Discover more from Business Brainstorms
Pets as Kids, Affiliate Fraud Prevention, Theory X vs. Theory Y, Conviction
this is Jakob Greenfeld, author of the Business Brainstorms newsletter - every week I write this email to share the most interesting trends, frameworks, opportunities, and ideas with you.
Let's dive in!
“We may have reached peak “pets as kids”… Jolly Dog, an iPad game for dogs, has cracked the App Store top 100 The app is getting 70k downloads / day (and climbing!)” - Oliva Moore
“there's insane free alpha in building communities that collectively curate the best youtube playlists for different topics & audiences. everything from toddler to engineering content. evolving curriculum trees with youtube embeds & personalized non-bait recommendations.” - @mayfer
“This is a great business idea. Some sort of vetted YouTube/TikTok/Instagram scriptwriter marketplace / job board. Pain point: Finding good writers for video content is nearly impossible. 1/100 people who call themselves writers can actually write video content that performs. It's so hard to find this talent that creators will just say 'fuck it' and do it themselves, even though it's the biggest bottleneck for any creator trying to scale. The hard part of this business would be vetting the scriptwriters to be amazing and keep it very high quality. I would use this and pay for it.” - Pat Walls
Hiring is still such a huge unsolved problem despite companies spending billions every year on it.
Most companies simply end up hiring someone who seems smart enough and accept that they basically have to train them from scratch.
For example, at our agency, we’d love to hire someone who’s amazing at writing cold email copy. We definitely tried but now ended up simply hiring smart people and training them ourselves.
Huge potential for niche marketplaces that are actually able to deliver quality candidates.
“SaaS founders, if you run an affiliate program, do this: • Change country with VPN • Open incognito browser window • Google your product. You'll find paid ads that steal your traffic to earn commissions. Do this for all major countries. Just removed 6 affiliates this way.” - Fabrizio Rinaldi
“Anyone built anything to detect this automatically? Seems solvable.” - Andrew Davison
🛠 Things Worth Checking Out
Durable is the AI-powered website builder and platform that makes running a business easier than having a job. Create a fully functioning website in 30 seconds with AI. Then, use powerful AI tools to start marketing, book jobs, and get paid. Try it free for 90 days.
Loved reading this post by Jordan O’Connor on conviction: “When you don’t have conviction about who you are, about what you’re doing, about what you’re never doing, and about where you are going, you will never achieve anything or make progress.”
Senja makes it easy to increase conversion with social proof. In a nutshell: collect more video and text testimonials, share them to get visitors, sign ups and sales, more ways to share than anywhere else, free forever. Start collecting proof free.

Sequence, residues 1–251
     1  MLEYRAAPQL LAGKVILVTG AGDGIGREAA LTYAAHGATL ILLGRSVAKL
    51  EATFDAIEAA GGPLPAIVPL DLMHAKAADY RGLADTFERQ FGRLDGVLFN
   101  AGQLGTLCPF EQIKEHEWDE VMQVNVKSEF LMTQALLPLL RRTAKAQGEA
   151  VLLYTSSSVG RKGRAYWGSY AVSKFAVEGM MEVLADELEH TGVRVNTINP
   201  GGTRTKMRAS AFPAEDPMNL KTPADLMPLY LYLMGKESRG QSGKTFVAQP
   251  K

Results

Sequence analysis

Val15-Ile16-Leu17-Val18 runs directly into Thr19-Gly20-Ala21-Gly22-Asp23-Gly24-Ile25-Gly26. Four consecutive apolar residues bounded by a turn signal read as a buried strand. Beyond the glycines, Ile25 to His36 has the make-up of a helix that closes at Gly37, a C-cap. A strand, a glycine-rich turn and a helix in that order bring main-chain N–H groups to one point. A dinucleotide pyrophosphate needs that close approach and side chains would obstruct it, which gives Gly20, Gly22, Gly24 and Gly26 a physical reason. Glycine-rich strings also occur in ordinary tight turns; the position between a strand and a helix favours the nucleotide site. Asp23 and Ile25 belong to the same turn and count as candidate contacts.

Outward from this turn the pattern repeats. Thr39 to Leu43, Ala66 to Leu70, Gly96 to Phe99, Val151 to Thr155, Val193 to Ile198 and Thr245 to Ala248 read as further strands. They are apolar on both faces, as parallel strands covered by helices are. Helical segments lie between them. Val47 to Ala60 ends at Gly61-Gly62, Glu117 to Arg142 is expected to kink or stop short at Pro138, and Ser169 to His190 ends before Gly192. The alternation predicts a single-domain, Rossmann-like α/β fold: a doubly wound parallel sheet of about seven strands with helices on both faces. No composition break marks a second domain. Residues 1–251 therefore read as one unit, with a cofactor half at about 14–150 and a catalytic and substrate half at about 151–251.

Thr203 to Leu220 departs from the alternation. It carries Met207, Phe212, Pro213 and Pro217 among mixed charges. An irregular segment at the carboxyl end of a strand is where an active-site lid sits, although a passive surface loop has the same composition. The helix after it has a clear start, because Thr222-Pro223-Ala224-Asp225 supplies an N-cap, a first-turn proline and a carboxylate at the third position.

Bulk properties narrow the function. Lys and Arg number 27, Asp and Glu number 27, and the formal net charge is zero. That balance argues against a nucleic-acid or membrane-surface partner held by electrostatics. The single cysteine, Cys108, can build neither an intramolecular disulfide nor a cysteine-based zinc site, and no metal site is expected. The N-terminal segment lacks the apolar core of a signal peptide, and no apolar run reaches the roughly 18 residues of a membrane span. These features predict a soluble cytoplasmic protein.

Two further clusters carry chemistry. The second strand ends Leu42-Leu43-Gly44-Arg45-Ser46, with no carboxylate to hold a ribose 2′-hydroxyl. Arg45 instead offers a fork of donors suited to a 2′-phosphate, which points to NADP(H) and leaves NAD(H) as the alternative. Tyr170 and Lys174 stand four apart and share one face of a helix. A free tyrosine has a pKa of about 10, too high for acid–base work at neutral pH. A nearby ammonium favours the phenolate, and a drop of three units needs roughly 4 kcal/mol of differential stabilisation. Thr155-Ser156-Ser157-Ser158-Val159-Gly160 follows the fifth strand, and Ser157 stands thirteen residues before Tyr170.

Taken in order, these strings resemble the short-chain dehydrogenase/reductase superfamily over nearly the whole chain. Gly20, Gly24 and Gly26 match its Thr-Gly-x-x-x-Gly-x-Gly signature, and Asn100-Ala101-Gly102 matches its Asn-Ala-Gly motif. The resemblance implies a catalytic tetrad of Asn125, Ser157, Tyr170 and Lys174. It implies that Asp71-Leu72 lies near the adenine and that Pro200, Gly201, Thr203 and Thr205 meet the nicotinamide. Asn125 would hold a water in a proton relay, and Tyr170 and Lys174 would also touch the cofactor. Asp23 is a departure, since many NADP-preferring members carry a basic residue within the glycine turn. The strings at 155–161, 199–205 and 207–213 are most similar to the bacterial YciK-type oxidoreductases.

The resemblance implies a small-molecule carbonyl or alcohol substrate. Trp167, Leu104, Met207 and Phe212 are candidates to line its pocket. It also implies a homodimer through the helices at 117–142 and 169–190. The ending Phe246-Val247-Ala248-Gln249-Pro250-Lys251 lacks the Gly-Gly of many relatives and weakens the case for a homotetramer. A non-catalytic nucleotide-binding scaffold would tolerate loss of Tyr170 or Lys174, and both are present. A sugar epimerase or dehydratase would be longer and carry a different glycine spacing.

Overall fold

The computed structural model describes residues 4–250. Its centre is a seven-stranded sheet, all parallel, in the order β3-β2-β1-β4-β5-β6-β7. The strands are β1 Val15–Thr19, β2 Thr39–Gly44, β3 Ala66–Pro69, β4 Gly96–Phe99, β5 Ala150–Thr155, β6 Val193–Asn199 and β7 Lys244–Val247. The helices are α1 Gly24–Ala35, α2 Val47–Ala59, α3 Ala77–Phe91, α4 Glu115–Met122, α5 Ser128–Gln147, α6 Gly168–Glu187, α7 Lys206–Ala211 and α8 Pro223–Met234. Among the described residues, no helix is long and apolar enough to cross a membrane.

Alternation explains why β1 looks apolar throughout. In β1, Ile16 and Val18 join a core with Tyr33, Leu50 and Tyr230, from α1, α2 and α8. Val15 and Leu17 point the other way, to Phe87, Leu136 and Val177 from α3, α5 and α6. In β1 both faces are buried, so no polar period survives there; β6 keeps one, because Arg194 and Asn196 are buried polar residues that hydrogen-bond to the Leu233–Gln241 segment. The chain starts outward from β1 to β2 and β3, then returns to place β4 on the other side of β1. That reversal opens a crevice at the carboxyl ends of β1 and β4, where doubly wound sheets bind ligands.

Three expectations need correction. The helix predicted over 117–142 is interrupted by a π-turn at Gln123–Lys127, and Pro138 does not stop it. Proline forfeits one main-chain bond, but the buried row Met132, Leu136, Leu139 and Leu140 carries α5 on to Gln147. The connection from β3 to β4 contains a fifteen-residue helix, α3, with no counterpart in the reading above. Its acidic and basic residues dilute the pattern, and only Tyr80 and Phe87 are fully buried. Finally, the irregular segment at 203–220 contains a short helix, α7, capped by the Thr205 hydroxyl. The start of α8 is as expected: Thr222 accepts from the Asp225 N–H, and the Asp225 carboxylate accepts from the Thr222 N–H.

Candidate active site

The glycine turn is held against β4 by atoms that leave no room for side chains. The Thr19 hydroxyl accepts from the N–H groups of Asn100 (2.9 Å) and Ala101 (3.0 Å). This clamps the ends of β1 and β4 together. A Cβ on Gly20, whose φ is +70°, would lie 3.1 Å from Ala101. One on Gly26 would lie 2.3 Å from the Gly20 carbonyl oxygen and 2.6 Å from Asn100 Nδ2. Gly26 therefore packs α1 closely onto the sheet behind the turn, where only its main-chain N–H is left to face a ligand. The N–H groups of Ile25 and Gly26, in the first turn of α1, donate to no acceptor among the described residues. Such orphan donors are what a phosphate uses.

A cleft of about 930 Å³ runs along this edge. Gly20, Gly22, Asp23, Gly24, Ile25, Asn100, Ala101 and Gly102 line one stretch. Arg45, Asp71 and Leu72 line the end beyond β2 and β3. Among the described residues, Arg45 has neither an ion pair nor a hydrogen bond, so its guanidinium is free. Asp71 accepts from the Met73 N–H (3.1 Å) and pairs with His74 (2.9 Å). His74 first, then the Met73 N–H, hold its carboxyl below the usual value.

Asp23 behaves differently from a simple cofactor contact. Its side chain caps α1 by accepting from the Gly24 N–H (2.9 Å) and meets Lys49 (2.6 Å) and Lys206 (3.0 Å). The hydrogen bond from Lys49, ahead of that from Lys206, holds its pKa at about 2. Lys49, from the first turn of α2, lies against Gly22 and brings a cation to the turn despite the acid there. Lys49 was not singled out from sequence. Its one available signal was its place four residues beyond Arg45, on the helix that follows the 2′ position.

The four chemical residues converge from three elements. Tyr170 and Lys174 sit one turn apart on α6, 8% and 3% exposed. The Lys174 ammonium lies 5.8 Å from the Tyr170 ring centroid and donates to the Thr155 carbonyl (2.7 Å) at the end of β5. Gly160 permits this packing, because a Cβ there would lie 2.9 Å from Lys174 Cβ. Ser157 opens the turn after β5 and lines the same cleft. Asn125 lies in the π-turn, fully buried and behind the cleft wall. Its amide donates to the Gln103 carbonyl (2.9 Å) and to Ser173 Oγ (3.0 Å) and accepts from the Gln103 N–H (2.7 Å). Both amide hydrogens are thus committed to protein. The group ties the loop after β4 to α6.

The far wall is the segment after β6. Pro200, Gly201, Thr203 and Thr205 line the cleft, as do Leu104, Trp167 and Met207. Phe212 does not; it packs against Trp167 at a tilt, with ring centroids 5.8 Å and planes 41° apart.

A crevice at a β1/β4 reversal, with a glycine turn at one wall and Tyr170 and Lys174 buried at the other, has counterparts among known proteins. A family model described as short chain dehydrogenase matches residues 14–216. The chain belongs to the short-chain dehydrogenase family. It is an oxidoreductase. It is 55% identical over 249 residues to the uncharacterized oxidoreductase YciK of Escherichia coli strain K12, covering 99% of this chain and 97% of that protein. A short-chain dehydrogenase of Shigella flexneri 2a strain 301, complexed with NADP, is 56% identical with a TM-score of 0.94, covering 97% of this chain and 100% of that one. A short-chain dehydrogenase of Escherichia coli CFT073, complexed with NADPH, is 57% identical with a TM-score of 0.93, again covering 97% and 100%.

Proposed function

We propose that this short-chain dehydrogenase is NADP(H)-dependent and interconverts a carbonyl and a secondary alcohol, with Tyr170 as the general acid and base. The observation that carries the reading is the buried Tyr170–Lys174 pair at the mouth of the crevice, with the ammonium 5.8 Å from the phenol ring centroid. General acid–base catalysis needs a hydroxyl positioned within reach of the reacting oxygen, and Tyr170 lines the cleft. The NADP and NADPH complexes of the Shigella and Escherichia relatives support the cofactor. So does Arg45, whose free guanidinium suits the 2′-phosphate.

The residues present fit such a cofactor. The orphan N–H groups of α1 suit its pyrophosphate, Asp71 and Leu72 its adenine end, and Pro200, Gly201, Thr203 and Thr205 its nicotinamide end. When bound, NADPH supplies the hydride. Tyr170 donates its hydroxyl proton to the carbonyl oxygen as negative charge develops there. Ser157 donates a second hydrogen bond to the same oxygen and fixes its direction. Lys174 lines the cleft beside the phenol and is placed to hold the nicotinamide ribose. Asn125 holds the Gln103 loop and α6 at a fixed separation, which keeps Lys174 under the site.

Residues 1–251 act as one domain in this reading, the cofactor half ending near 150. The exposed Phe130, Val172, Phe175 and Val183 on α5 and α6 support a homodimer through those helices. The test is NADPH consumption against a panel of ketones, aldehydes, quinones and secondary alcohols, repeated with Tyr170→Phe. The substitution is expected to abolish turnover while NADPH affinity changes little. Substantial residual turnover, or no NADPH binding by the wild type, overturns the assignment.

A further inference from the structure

👨🎓 Theory Y vs. Theory X
Theory X and Theory Y are theories of human motivation and management, created and developed by Douglas McGregor at the MIT Sloan School of Management in the 1960s.
Theory X assumes that employees are inherently lazy and will avoid work if they can. It suggests that workers need to be closely supervised and comprehensive systems of controls put in place, and that a hierarchical structure is needed with narrow span of control at each level. According to this theory, employees will show little ambition without an enticing incentive program and will avoid responsibility whenever they can.
Theory Y assumes that individuals are more self-motivated, and can exercise self-control. It argues that given the right conditions, most people will want to do well at work and that there’s no need to threaten employees with punishment for them to exhibit excellent performance. It suggests that managers should create a working environment where employees can exploit their skills and capabilities to solve problems or meet the organization's needs.
Put differently, Theory X presents a pessimistic view of employees as naturally unmotivated and despising work, Theory Y offers an optimistic, positive perspective towards employees, treating them as appreciating work as natural and being motivated to improve.
I read about this terminology last week in a somewhat weird German book and it immediately clicked. It describes precisely something I’ve been trying to put into words for a while.
When you’re building a business, you have to make a decision about what theory you subscribe to. And once you do, there’s a whole arsenal of well-proven tools you can use.
I think the worst you can do is to do a little bit of both as it’s extremely confusing for anyone involved. Once you subscribe to one of the theories, decision-making becomes a lot easier.
I’m all in on Theory Y. For example, external rewards beyond a normal salary like bonuses is Theory X stuff. It trains people to only care about stuff they’re immediately rewarded for. This requires an elaborate system of supervision and micromanagement that we have no interest in.
You for sure can build a business that way. But it’s not the kind of business I want to run.
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Have a great week,